A virus that has devastated piglets for nearly a year is now responsible for lower pork supplies and higher prices.
Phil Borgic of Nokomis, Ill. knows first hand what happens when porcine epidemic diarrhea (PED) virus infects a hog barn. He walked through one in late January pointing out the differences among litters.
“This is a PED litter. See how dirty they are?” he said, pointing to a sow whose little piglets had dirty hooves. A couple of PED victims waited to be removed. When suckling piglets contract the disease, they die from dehydration because their bodies can’t recover from the vomiting and diarrhea it causes. Borgic estimates his outbreak killed about eight percent of his expected annual total.
In other pens, the scene was quite different.
“These two litters here are very clean, see how clean looking they are?” he said, indicating robust little animals with cheery pink hides and ears as floppy as the characters of a picture book. “These are really healthy pigs.”
Today, Borgic says his operation is free of PED. But since last spring producers in at least 25 states and three Canadian provinces have been battling outbreaks. That’s why the U.S. Department of Agriculture lowered its pork projections for this year and hog prices recently reached a record high.
“Demand is ramping up here. With tighter supplies, I think that's being reflected in the higher prices that we are seeing,” said Iowa State University livestock economist Lee Schultz.
Pork is popular in the spring, with Easter ham sales, and then summer barbecue season starts up. But you don’t need to go hoarding bacon. Schultz says there are factors controlling how high the prices will go. For one, pigs are arriving at market heavier.
“You're having larger hams, larger loins, larger chops,” Schulz said, “and so you're really increasing that volume of lean product available.”
And consumer response matters. Price-conscious buyers may shy away when the price goes up, lowering demand. Steve Meyer, an economist who consults with the National Pork Board, says suppliers have lots of frozen bacon in storage this year. But that has nothing to do with PED, it’s just a convenient coincidence. Meyer says last summer many buyers got caught paying steep prices for pork bellies—that’s what bacon’s made from—so they planned ahead for this year.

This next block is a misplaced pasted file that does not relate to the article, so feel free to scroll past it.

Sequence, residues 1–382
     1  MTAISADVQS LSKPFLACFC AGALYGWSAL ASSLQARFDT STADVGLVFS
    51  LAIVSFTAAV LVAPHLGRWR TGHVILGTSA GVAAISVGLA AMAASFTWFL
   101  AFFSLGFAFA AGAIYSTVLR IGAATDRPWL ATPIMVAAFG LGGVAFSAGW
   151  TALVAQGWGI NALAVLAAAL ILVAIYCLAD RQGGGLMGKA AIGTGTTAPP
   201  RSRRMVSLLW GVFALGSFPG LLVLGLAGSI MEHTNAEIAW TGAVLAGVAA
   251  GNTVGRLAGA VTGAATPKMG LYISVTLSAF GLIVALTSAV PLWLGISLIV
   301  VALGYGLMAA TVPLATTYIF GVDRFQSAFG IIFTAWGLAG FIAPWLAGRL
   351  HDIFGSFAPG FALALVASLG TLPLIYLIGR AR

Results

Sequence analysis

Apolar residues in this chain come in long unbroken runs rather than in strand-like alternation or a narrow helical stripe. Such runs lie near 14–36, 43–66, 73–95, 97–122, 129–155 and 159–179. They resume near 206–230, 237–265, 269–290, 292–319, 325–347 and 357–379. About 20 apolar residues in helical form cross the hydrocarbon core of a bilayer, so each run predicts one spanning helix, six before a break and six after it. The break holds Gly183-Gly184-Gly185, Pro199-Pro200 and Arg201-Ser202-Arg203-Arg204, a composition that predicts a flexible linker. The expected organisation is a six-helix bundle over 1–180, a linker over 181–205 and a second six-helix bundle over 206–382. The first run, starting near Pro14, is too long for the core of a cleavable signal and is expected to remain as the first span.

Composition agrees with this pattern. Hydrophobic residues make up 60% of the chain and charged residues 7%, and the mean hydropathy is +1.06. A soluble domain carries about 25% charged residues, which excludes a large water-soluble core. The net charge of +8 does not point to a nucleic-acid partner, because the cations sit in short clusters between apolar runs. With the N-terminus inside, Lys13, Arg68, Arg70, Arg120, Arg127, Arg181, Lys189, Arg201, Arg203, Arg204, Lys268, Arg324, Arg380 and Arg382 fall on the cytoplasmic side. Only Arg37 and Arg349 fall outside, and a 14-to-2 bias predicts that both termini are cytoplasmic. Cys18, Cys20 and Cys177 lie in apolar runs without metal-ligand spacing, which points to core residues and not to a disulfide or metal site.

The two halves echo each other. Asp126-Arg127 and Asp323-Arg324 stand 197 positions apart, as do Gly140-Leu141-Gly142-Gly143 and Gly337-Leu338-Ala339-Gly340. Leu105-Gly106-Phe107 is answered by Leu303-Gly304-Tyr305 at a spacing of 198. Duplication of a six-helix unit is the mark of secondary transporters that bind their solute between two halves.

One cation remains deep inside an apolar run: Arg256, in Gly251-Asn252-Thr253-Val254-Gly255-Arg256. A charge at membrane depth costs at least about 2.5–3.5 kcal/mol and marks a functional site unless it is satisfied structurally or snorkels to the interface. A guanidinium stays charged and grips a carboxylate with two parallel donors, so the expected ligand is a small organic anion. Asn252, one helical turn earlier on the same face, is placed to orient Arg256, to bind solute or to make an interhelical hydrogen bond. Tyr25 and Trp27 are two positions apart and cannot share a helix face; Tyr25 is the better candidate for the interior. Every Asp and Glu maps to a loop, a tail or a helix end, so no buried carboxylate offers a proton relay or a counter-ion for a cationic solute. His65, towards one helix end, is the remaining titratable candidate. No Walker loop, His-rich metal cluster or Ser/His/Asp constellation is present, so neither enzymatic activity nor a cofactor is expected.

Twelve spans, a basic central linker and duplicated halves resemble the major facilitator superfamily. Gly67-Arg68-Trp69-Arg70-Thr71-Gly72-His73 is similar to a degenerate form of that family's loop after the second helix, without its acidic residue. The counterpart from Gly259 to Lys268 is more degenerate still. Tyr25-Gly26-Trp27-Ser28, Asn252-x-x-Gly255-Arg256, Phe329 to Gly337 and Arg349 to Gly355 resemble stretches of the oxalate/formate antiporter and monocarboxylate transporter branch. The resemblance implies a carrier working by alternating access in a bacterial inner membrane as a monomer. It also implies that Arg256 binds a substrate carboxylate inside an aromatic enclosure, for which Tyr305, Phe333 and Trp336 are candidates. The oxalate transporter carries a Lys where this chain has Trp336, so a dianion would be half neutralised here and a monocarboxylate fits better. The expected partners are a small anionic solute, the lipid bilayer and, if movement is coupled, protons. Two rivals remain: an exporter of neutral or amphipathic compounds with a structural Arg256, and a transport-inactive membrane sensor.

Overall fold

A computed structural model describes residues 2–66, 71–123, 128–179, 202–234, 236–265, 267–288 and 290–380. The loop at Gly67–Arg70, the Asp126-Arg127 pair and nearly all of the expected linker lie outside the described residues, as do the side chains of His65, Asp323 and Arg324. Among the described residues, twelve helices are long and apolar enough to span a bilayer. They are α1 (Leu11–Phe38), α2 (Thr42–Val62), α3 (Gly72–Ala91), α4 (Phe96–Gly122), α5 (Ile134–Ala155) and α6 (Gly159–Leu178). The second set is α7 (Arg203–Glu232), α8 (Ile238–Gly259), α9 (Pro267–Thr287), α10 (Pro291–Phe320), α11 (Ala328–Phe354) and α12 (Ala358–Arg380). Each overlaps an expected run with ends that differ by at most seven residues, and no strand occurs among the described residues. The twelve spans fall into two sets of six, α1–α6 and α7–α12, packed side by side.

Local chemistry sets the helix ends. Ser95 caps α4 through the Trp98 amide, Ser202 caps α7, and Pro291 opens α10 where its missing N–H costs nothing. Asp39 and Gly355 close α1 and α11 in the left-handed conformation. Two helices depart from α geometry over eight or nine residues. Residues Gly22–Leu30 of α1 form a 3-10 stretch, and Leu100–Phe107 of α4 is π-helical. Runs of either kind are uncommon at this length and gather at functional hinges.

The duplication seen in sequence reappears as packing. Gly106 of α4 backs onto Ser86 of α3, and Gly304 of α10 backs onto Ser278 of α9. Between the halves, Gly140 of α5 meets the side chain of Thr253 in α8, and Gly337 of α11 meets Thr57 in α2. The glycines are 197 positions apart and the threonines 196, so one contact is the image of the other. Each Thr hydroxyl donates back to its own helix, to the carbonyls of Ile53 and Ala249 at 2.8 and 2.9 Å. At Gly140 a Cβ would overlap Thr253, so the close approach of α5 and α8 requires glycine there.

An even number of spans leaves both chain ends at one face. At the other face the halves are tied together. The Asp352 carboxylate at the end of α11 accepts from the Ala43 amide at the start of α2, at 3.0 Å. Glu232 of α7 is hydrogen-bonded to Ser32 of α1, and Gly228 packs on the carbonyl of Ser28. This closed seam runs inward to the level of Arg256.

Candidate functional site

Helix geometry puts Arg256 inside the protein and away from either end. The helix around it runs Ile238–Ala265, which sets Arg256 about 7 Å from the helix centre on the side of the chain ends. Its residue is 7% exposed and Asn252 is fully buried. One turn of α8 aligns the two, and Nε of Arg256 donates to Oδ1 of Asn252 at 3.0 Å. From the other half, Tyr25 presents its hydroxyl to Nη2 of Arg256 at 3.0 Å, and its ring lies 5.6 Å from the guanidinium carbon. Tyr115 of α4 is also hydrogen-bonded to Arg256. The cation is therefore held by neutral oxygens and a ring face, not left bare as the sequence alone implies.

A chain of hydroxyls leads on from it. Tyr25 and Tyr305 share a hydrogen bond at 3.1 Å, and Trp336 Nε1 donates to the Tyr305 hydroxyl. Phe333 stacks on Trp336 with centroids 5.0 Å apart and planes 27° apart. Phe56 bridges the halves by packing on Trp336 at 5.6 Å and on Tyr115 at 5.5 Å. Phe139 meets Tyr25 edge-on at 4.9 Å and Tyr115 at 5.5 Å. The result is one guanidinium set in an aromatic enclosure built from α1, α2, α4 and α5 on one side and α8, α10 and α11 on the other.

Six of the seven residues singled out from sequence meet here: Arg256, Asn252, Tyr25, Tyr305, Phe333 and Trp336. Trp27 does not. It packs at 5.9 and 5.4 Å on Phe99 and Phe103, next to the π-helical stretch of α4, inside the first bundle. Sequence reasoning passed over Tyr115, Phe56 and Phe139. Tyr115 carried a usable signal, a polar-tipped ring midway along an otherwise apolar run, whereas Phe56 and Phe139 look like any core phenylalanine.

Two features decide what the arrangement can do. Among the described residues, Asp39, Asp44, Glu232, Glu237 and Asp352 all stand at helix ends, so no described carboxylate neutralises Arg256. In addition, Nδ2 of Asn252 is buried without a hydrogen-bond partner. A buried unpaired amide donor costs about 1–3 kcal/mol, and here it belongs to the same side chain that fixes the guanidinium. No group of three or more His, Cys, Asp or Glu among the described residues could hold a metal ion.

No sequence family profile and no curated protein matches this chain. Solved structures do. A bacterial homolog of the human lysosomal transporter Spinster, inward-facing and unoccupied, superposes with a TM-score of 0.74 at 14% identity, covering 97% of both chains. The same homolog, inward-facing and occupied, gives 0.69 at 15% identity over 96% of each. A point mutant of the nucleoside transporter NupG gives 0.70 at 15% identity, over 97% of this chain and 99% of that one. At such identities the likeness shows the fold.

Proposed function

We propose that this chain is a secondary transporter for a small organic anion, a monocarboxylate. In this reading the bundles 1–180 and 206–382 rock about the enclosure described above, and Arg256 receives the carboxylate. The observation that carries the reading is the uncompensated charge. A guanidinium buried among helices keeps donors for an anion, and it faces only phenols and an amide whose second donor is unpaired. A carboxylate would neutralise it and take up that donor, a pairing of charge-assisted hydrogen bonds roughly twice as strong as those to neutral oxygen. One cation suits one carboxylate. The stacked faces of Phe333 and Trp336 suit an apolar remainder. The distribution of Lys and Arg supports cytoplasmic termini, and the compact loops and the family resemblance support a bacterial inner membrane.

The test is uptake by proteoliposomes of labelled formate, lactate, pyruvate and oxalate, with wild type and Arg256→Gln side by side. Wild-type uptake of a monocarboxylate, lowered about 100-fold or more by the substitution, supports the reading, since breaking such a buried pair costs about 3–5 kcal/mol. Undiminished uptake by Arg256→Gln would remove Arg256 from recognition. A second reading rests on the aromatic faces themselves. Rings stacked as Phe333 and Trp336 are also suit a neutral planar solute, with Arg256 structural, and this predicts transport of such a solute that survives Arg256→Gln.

“Bellies in frozen inventory, as of the end of January, were substantially [higher], almost double where they were a year ago,” Meyer said.
Still those inventories will only go so far. Meyer says some packing plants have already reduced working hours and output because PED has disrupted the supply of hogs. His math indicates the number of hogs brought to market in August could be down more than 10 percent from last year. And that means…
“Bacon's going to be expensive.”
Of course, higher prices will help producers who can get hogs to market. Borgic, the Illinois farmer, says he may recover some of his losses.
“On the pigs that we do have to sell, we are looking at potential for record profits,” he said.
But he will remain vigilant. Borgic says being prepared and identifying the virus quickly helped him save some pigs and prevent a spread from his farm to his neighbors.
A hot summer could help kill the virus, which seems to thrive in cooler temperatures. But there are multiple strains of PED circulating in North America now and there’s still no effective vaccine.
So on second thought, maybe a few pounds of bacon in the freezer isn’t such a bad idea.